Meet the New Beetle

The Creator would appear as endowed with a passion for stars, on the one hand, and for beetles on the other, for the simple reason that there are nearly 300,000 species of beetle known, and perhaps more, as compared with somewhat less than 9,000 species of birds and a little over 10,000 species of mammals. Beetles are actually more numerous than the species of any other insect order.
-JBS Haldane, What Is Life?

Beetles are the most numerous group of animals, in part because they are found in a wide diversity of habitats. One of the newest beetles, Hydroscapha redfordi, was discovered in the hot springs of Idaho by Crystal Maier, Michael Ivie, James Johnson and David Maddison ( http://dx.doi.org/10.1649/0010-065X-64.4.289 ).

The Idaho population was feeding on algae on a rock face with water temperatures of 50 C (122 F). They like it hot. This finding greatly extends the northern limit of the Genus Hydroscapha. The hot spring habitat is far warmer with conditions very different from conditions in nearby locations not associated with hot spring activity. The hot springs are an island of warmth in a much colder area.

Originally believed to be another population of a closely related beetle, Hydroscapha natans, several characteristics of the H. redfordi did not match those of Hydroscapha natans. Additional evidence including DNA analysis and distinguishing morphological characters suggest a new species. Hydroscapha redfordi, was named after American actor, Robert Redford in part because of his interest in environmental preservation. Co-Author Michael Ivie relates a movie role of Robert Redford, “Jeremiah Johnson”, as an inspiration to work in the Rocky Mountains.

The authors speculate that many as yet undescribed species may exist in other hot springs. New species commonly form when populations have reproductive isolation. As local populations independently evolve adaptations to local conditions, the populations acquire increasing numbers of differences. Absent migration between populations and intermating, these new genetic traits will not spread. The beetles in each location will become more different as each generation passes and eventually different enough to be considered different species.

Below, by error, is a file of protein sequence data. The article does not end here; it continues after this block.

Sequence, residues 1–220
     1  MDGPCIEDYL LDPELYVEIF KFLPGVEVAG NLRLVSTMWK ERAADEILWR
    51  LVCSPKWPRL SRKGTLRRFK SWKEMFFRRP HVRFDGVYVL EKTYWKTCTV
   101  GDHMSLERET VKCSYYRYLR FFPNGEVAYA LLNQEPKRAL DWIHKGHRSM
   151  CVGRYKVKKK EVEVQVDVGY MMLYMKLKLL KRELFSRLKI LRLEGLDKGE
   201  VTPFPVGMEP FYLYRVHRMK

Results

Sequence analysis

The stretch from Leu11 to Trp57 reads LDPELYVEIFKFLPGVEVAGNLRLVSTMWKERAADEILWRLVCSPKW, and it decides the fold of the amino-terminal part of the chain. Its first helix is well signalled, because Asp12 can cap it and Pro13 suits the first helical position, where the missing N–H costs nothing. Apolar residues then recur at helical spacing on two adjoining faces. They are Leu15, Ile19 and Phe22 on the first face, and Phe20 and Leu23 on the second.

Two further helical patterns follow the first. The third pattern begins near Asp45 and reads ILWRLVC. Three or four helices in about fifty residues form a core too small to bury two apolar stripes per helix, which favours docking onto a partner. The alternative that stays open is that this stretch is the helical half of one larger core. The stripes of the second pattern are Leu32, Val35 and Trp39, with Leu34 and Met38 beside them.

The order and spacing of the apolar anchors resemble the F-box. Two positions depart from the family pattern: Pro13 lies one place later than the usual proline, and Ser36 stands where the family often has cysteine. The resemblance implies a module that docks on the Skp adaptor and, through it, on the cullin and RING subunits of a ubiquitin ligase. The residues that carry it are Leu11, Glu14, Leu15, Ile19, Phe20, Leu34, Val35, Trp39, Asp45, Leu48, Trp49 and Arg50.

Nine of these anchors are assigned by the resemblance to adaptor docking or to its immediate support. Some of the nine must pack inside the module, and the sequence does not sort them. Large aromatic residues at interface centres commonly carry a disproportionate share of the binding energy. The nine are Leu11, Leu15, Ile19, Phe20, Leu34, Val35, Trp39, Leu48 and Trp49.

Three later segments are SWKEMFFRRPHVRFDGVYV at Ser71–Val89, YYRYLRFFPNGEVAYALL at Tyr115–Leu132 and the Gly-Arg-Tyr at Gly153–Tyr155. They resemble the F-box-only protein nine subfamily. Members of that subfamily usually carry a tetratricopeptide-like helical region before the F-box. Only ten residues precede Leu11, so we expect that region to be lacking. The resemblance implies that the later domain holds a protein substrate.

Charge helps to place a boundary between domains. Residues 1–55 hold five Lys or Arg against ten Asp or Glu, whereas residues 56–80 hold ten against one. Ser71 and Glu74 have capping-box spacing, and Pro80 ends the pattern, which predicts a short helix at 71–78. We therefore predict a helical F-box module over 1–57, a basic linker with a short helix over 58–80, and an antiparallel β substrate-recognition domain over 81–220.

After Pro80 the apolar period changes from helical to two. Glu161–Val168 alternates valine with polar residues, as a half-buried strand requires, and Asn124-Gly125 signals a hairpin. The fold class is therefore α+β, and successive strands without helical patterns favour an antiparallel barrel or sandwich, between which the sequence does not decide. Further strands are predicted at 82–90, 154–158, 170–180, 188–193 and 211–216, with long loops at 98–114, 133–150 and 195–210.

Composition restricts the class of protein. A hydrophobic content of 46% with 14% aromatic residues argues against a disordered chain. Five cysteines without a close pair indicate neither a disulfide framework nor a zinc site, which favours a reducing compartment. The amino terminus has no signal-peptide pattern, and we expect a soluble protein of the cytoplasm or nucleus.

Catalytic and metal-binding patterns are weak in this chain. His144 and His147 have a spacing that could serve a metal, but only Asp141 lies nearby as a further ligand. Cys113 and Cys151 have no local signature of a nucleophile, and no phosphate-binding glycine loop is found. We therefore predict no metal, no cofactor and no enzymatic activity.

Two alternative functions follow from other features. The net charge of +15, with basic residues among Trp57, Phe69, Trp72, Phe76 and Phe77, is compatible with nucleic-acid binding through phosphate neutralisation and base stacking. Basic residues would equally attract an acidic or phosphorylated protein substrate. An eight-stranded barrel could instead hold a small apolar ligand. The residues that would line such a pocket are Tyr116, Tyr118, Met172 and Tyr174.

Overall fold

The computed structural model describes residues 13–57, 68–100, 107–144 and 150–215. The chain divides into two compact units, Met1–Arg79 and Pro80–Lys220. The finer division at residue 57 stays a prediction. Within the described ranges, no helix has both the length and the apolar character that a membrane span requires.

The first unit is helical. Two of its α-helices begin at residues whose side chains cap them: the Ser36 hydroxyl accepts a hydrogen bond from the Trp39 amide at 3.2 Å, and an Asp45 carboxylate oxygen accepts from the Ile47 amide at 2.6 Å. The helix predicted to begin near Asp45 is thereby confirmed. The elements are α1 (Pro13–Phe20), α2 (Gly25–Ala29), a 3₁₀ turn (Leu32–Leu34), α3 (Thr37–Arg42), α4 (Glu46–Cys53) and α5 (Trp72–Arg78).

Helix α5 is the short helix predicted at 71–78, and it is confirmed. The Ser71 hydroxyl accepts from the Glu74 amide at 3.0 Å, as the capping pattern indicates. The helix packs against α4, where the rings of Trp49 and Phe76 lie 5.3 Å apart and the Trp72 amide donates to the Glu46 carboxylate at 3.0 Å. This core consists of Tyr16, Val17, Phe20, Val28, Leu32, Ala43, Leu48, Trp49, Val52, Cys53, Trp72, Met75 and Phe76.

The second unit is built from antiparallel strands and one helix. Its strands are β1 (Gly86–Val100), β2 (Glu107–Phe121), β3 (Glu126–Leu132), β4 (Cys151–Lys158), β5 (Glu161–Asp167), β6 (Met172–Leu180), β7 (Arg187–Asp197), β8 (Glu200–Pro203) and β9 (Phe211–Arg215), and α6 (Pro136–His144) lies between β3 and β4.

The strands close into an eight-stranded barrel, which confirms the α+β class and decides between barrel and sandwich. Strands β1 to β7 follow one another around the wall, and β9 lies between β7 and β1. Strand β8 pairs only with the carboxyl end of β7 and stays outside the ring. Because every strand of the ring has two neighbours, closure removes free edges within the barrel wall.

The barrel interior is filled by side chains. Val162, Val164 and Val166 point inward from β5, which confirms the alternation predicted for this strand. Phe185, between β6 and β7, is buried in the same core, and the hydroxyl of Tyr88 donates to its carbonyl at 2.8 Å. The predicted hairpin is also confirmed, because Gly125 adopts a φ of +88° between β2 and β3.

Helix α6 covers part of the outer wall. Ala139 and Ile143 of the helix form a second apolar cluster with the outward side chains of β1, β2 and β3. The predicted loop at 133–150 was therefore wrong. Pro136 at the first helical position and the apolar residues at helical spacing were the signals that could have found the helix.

There are numerous hot springs that could provide habitat to Hydroscapha redfordi, or similar beetles. However, distances between hot springs can be large and the area of suitable habitat small. Hydroscapha redfordi, lacks fully developed wings, so it is “stuck” in its current location. The small size of fully winged beetles in this Genus (1-2 mm) limits the ability to migrate between sites. Speciation is predicted to occur among isolated populations of Hydroscapha beetles that are confined to hot springs.

Could the possibility of finding numerous new species of beetles set off an exploration of hot springs for new beetle species? If nothing else, it is a great excuse to visit the hot springs.

Hydroscapha redfordi
Photo: Crystal Maier

About jjneal

Jonathan Neal is an Associate Professor of Entomology at Purdue University and author of the textbook, Living With Insects (2010). This blog is a forum to communicate about the intersection of insects with people and policy. This is a personal blog. The opinions and materials posted here are those of the author and are in no way connected with those of my employer.
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